The coronavirus (Covid-19) pandemic has had an unprecedented impact on activity levels throughout England, but has been most acute across disadvantaged groups and areas of high deprivation.
Sport England's latest Active Lives Adult Survey, published today, covers the period from mid-May 2020 to mid-May 2021, which includes periods of national and tiered restrictions introduced to counter the coronavirus pandemic.
Compared to 12 months earlier, there were 700,000 (-1.9%) fewer active adults and 1 million (+2%) more inactive adults between mid-May 2020 and mid-May 2021.
While there are signs of recovery for activity levels as restrictions have eased, not all groups or demographics are affected or recovering at the same rate.
Existing inequalities have been widened, with some groups hit much harder by the pandemic than others. This is the case for women, young people aged 16-34, over 75s, disabled people and people with long-term health conditions, and those from Black, Asian and other minority ethnic backgrounds. Those living in deprived areas and also those in urban areas found it harder to be active.
Tackling these inequalities is already a focus and a key feature of Sport England's strategy, Uniting the Movement, and these results build an even more solid evidence base for why this work is needed and where resources and efforts should be focused.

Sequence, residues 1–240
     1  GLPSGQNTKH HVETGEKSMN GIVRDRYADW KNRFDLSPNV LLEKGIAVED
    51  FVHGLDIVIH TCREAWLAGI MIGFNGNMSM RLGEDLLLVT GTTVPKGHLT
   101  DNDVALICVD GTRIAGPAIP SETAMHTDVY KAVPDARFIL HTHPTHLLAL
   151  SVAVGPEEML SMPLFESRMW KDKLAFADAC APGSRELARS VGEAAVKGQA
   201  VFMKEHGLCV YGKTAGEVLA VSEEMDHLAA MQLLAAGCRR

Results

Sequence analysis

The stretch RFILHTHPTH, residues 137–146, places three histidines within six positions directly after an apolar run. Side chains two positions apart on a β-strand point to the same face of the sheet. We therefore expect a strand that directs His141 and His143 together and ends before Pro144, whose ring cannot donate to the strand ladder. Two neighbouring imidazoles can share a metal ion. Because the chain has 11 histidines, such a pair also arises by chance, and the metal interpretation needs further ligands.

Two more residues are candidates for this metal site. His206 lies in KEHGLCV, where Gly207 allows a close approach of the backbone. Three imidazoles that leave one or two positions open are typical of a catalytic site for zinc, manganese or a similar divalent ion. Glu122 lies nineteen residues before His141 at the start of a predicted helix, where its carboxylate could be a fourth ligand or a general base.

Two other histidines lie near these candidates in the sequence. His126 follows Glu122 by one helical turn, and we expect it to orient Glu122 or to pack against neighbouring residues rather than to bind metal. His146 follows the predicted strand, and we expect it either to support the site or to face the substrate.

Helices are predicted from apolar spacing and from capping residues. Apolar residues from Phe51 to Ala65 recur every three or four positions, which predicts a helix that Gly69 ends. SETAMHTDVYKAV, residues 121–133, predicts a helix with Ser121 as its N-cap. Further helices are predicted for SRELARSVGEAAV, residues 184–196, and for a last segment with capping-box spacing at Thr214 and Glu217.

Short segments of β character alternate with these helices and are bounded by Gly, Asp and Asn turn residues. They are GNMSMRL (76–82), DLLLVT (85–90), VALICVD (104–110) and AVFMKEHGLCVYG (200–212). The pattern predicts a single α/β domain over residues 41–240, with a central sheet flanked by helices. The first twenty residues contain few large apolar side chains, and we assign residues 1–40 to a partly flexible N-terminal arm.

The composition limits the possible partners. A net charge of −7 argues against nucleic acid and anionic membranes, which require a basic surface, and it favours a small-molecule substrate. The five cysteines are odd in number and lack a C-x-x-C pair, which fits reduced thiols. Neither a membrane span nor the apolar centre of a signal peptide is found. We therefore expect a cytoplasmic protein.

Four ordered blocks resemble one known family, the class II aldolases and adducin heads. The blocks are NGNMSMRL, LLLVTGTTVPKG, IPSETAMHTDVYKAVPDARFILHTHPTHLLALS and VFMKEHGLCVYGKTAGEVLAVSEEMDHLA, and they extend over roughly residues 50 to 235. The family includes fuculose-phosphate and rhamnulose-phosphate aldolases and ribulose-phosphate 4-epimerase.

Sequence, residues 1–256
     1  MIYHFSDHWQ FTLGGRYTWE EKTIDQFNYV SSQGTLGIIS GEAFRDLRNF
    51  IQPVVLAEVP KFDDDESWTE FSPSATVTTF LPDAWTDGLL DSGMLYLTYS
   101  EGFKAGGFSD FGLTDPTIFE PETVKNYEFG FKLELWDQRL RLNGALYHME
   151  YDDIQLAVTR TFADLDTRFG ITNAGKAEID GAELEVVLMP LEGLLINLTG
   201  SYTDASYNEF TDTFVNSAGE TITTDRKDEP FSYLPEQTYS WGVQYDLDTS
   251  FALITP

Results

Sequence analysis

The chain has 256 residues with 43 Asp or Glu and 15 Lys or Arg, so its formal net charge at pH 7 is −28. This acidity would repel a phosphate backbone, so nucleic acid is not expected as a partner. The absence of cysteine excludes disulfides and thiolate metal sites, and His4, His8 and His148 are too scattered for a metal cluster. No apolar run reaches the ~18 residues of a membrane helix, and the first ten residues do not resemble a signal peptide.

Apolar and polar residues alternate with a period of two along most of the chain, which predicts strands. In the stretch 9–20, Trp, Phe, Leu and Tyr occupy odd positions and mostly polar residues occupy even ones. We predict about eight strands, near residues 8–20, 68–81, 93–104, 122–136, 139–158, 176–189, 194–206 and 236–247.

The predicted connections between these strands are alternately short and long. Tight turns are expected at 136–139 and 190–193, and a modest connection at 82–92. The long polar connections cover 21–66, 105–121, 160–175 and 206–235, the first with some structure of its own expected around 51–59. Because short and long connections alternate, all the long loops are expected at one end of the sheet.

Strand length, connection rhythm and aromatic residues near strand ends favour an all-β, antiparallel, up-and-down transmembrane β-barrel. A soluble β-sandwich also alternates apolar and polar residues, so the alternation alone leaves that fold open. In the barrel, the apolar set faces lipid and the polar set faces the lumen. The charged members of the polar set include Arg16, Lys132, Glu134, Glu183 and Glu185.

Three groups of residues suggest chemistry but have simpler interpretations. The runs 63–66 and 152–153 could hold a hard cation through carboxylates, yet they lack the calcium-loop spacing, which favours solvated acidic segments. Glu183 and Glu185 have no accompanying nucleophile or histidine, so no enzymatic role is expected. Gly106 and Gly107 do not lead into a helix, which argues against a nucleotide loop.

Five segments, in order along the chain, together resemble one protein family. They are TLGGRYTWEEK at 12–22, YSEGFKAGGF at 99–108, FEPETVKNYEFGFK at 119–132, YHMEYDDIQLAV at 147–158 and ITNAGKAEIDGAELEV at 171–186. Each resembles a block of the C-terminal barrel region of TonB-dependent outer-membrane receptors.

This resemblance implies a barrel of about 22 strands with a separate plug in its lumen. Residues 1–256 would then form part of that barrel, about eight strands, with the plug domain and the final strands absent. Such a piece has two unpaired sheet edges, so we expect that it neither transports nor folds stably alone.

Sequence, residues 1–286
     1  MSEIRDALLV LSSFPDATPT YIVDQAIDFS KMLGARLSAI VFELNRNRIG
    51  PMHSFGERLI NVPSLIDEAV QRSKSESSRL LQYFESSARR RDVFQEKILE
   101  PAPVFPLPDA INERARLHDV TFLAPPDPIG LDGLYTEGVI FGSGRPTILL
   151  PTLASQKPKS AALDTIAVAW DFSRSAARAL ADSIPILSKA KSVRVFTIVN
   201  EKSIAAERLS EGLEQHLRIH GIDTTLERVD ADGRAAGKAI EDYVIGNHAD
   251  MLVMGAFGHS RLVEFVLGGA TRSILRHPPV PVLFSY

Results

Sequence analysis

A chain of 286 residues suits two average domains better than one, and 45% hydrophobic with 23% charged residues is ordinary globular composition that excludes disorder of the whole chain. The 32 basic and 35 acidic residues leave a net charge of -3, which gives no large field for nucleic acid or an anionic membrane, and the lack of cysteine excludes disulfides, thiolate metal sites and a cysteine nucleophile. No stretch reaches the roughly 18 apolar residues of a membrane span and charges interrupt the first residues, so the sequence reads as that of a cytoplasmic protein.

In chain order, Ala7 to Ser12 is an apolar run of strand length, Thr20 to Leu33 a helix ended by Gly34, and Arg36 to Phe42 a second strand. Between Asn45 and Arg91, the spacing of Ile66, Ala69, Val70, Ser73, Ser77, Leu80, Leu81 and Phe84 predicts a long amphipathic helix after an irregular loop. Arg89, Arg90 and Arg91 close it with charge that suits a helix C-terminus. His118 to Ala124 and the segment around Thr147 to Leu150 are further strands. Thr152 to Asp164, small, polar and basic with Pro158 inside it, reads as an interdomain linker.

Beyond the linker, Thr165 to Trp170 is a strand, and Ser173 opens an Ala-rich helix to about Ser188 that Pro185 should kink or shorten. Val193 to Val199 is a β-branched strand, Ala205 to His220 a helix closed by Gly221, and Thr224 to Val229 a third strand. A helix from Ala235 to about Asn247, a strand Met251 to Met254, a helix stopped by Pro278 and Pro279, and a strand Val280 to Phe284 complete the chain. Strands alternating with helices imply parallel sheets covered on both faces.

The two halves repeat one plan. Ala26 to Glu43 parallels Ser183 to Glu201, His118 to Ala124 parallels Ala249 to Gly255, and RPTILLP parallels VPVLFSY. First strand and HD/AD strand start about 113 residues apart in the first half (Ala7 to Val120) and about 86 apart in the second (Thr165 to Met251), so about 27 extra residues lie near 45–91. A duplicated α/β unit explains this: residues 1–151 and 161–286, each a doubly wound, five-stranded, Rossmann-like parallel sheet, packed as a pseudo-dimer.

We know that getting active can play a role in boosting the nation’s physical health and their mental wellbeing – the most active people in England have the highest levels of mental wellbeing.
This is important since overall levels of happiness have declined across the population during the pandemic, with loneliness and anxiety rising.
Data for the West of England
The West of England has seen the same trend as national activity levels, with a 2.6% decrease in the number of active adults (19,300 people) compared to 12 months earlier. Alongside an increase of 2.2% of inactive adults (22,600 people) in the same time period.
Bath and North East Somerset, Bristol City and North Somerset have all seen a decrease in the number of active adults. However, South Gloucestershire has seen a 0.1% increase compared to 12 months ago.
All 4 Unitary Authorities have seen an increase in the number of inactive adults.